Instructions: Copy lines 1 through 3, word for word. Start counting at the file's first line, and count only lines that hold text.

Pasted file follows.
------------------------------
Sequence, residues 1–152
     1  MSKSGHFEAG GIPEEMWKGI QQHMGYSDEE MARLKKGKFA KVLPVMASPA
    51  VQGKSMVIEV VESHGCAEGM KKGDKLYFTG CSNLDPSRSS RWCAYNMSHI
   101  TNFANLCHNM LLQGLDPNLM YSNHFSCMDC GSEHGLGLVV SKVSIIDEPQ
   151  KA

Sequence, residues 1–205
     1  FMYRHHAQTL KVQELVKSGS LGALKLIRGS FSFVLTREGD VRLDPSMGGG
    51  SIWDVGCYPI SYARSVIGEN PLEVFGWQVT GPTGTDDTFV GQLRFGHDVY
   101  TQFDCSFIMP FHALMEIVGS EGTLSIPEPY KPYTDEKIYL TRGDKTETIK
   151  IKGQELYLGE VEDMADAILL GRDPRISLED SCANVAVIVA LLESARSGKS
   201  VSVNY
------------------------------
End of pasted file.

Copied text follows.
Sequence, residues 1–152
     1  MSKSGHFEAG GIPEEMWKGI QQHMGYSDEE MARLKKGKFA KVLPVMASPA
    51  VQGKSMVIEV VESHGCAEGM KKGDKLYFTG CSNLDPSRSS RWCAYNMSHI